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The depth behind the groove with Move D
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The depth behind the groove with Move D

John Thorp has a lengthy discussion with the German house and techno impresario as he prepares to take centre stage at Sankeys NYE.

Jimmy Coultas

Last updated: 19th Dec 2014

Image: Move D

One of the underground’s most in-demand DJs, and a true experimentalist and musical polymath among genres as far reaching as deep house, jazz, disco, ambient and beyond, Move D is capable not only of taking keen ears places they didn’t even know they wanted to go, but also turning a party upside down and unify a dance floor like few others can.

The prolific German DJ and producer (hear him in action above), real name David Mouffang, co-headlines this New Year’s Eve at Sankeys, as part of a Music Is Love lineup that also includes another soulful selector in Kerri Chandler. Known for his supping of red wine during his often lengthy sets, he cuts a similarly classy image in conversation.

Somewhat outspoken yet relaxed and thoughtful, a quarter of a century into his career and his passion for music and experimentation is as evident as ever, especially in regards to his side projects, such as the improvisational collaboration Magic Mountain High

Ahead of Sankeys' final soiree of 2014, we caught Mouffang in typically engaging mood, the nuances between studio collaboration and back to back DJ sets, raging against elitism within club culture, and ticking us off over our red wine naivete.

So, you’re booked for New Year’s Eve at Sankeys. I’ve never seen you there myself before, but surely you’ve passed through at one time or another?

Yes, I’ve played upstairs once before, in Spektrum, but also for Sankeys in Ibiza. And I’m not the biggest fan of the whole Ibiza thing, but out of the clubs I’ve seen there, and it’s been a few, Sankeys is my favourite, as it’s the most down to earth. In Ibiza, they’re on the underground side of things. And Spektrum in Manchester is a really nice room.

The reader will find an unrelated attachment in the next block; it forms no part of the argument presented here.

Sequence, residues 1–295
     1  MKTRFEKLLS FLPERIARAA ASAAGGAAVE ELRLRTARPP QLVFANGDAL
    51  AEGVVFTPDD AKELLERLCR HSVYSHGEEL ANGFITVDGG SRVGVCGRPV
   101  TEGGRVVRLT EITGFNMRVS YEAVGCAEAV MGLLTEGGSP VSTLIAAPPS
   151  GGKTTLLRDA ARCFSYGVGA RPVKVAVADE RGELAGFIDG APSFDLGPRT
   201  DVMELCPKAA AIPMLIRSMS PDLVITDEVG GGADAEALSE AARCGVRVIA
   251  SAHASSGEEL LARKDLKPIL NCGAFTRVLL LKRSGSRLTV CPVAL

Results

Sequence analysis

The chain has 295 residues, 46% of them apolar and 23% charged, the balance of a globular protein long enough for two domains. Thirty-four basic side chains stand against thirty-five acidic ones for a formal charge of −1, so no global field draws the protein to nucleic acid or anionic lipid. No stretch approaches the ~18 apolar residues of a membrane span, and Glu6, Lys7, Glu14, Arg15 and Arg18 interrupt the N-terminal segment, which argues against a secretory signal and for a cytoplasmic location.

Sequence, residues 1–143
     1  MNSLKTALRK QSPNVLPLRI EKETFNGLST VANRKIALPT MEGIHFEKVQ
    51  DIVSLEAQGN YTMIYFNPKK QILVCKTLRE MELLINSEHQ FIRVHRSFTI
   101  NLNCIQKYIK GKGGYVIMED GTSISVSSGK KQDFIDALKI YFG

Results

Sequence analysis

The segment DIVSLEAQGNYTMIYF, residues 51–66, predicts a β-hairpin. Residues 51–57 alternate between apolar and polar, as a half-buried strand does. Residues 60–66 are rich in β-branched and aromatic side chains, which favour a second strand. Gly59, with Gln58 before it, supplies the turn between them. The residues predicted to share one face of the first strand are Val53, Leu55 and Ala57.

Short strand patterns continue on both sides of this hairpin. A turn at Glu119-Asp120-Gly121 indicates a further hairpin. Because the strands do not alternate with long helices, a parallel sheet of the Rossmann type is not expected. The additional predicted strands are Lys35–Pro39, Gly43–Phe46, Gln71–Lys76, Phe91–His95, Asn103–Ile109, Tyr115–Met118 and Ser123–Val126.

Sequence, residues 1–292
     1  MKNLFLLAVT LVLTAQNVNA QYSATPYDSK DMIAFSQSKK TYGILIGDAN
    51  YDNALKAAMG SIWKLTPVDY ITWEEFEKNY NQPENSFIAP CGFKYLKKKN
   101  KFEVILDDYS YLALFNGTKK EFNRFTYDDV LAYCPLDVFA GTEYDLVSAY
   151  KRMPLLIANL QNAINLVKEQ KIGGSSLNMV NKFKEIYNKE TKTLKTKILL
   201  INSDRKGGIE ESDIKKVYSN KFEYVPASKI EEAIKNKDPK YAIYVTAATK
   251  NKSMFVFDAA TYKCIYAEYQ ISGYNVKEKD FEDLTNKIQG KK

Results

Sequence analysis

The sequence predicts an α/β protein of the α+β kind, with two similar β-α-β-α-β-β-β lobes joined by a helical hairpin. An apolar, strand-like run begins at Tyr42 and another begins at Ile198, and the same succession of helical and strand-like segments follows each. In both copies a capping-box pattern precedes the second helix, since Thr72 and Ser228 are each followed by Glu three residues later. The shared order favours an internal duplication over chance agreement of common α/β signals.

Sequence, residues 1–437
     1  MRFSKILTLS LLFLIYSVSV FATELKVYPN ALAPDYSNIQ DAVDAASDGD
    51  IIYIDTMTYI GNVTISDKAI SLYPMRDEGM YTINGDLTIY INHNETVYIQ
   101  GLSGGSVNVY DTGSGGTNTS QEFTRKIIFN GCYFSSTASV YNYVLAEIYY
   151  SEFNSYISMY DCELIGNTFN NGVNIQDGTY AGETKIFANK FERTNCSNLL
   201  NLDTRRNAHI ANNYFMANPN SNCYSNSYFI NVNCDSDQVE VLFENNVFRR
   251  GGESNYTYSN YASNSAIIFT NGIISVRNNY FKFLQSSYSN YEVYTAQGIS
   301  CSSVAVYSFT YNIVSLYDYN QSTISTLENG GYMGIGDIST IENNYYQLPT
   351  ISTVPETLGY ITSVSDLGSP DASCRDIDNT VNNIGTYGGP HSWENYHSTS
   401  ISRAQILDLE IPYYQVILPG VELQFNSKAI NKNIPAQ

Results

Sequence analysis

It’s a New Years Eve set, which is of course different from playing a standard underground club in Manchester, or at a festival in that you’ll probably encounter people who are there, dancing, because it’s New Year’s Eve and it’s Sankeys. When you play ‘occasion’ sets like that, how do you approach it differently, if at all?

Well, I’m playing Leeds and London too, three gigs over two days, and I can only take a bag and a half of records, so I kind of have to compromise. But I have to hope that even people who aren’t specialists are into my sound, which I think is accessible.

It’s not like when I produce records, when I DJ, really I’m there to make people have a good time. And of course, New Year’s Eve by itself already gives you some directions, and you’re right, it’s different from a daytime slot in summer, for sure, but it’ll still be Move D. 

And you’re playing with Kerri Chandler on the line-up too. Have you guys played together before, or do you have any prior relationship or friendship?

Not really. I mean, I’m a fan, like most of us. Recently I was at the Southport weekender and somebody dragged him and Jerome Sydenham and Dennis Ferrer to my stage, and he was a little bit shy. But I’ve seen videos of him out record shopping and whatever and he seems like a nice guy, so I’m really looking forward to it. 

It’s a good job you’re so experienced, because personally, if we were DJing and Dennis Ferrer and Kerri Chandler appeared behind us, we'd struggle to keep our cool.

Ha, yes, well I was playing with Andres and Benji B, which I thought was an interesting and different kind of line-up, so it was not only that they came to see me, but in that environment! But fortunately, I didn’t lose my marbles.

We've caught you a lot as a DJ a lot over the past few years, pretty much whenever you’ve rolled through the North West, but never back to back with anybody. Do you enjoy that as much when you get the opportunity?

No, I don’t, and it’s only a handful of people I’d enjoy doing that together with. So that would be Gerd Janson, Jus Ed, and Axel Boman, actually. So I have to really like the person as well as their taste in music.